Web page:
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Africa on the Move. Publisher: [Washington, D. DDC classification: Average rating: 0. Log in to your account to post a comment. Export Cancel. Share Facebook. The authors acknowledge the valuable support, input, and comments provided by a number of colleagues at the International Monetary Fund IMF and, in particular, its African Department.


Assessing the Competitiveness in Mozambique

They are also grateful to Messrs. They would also like to thank Eteri Kvintradze and Nienke Oomes. Larissa Leony provided research assistance. The team has also enjoyed close collaboration with the representatives of the international community, and an exchange of views with the representatives of civil society.

Poverty in Africa

This book would not have been possible without the fruitful and open discussions with the Mozambican authorities. Helena Taipo; the Minister of Energy, Mr. Ernesto Gouveia Gove. We would also like to thank the staff of the Ministry of Finance, in particular the Director of the Treasury, Mr. Waldemar de Sousa and Mr. The Mozambican team would like to extend its warmest thanks to the Mozambican authorities for their hospitality and openness in discussing the many challenges facing their beautiful country.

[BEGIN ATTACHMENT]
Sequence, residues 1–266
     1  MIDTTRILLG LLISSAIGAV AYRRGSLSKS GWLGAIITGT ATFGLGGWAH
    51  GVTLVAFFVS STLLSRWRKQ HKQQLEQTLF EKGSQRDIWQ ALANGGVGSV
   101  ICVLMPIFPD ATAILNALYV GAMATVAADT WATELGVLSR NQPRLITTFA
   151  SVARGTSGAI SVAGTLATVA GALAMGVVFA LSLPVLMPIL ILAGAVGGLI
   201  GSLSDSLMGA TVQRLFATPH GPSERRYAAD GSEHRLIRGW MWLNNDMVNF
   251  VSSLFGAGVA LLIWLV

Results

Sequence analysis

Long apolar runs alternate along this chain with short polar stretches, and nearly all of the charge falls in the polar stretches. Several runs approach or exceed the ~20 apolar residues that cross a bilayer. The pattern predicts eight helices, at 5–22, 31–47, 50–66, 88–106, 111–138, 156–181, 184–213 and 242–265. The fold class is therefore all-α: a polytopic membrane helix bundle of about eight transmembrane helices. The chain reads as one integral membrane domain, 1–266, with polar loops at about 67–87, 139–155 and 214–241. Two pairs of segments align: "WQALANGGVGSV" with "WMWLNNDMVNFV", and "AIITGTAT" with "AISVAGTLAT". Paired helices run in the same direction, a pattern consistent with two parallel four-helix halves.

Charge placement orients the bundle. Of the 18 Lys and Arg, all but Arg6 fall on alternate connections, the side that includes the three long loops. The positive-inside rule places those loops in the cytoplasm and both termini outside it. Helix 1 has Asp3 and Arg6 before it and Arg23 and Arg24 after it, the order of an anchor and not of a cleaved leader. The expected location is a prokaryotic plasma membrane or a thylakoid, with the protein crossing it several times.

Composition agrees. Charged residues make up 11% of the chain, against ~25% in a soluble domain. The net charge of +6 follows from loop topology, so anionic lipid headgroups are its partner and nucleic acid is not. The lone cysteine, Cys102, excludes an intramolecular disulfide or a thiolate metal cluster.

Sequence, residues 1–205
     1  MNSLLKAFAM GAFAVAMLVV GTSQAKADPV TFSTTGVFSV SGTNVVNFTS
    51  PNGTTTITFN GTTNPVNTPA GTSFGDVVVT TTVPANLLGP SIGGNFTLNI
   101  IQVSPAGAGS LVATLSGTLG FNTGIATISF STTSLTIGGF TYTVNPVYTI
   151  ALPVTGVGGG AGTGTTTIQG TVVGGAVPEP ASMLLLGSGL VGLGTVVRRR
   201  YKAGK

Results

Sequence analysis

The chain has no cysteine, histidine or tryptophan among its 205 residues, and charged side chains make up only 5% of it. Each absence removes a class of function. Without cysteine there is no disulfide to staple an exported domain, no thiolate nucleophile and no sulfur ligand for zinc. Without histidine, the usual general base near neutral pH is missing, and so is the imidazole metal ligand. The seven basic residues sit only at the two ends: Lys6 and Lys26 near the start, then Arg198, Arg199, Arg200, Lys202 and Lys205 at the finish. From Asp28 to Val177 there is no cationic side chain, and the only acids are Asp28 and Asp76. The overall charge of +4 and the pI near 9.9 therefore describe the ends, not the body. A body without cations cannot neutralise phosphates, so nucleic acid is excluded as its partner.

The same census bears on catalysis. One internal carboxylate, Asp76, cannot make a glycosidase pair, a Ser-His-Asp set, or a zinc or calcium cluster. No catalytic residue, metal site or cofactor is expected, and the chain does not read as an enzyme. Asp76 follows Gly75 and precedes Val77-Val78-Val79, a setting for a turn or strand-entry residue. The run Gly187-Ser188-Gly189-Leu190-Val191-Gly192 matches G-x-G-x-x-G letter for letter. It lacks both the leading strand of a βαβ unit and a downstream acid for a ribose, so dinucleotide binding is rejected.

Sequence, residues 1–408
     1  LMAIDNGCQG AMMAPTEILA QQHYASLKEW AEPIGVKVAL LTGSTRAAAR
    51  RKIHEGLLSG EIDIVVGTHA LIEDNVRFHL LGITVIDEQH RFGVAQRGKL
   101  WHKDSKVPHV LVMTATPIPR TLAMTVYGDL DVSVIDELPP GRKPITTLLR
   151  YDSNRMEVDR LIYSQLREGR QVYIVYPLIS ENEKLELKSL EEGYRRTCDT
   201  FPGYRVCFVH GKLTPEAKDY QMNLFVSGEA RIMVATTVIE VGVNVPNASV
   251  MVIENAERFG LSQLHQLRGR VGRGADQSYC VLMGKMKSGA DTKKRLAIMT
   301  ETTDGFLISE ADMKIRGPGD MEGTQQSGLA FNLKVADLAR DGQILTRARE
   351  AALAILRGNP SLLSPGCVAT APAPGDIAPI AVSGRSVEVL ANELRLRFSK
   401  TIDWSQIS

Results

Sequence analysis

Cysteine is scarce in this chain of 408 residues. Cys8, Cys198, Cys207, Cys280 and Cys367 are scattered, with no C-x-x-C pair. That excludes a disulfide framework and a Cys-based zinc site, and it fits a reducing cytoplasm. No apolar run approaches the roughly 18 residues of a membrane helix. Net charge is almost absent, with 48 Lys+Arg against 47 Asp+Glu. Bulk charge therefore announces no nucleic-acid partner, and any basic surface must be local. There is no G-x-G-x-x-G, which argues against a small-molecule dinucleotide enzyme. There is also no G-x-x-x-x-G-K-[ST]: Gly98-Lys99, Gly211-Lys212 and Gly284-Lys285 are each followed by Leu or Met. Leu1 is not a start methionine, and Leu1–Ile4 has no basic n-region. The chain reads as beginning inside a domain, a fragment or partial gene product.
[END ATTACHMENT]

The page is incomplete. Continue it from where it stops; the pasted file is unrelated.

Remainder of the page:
The opinions expressed herein, as well as any errors, are the sole responsibility of the authors and do not necessarily reflect the views of the Mozambican authorities, the Executive Directors of the IMF, or other members of the IMF staff. J ean A. Mozambique, a post-conflict coastal country see map endowed with vast natural resources, is one of the few economic success stories in sub-Saharan Africa.

It has staged a dramatic recovery from the ravages of civil war and, with the help of large and sustained aid inflows, achieved impressive and broad-based economic growth that is increasingly resilient to natural disasters, and deep and equitable poverty reduction. The role of donors, including the International Monetary Fund IMF and the World Bank, was instrumental in promoting aid effectiveness through well-coordinated efforts.

Such coordination has evolved into an institutional setup that is often praised internationally as a best practice. On the political side, Mozambique was able to successfully bring about reconciliation, and it solidified its nascent democracy through elections that were seen as generally open and fair by the international community.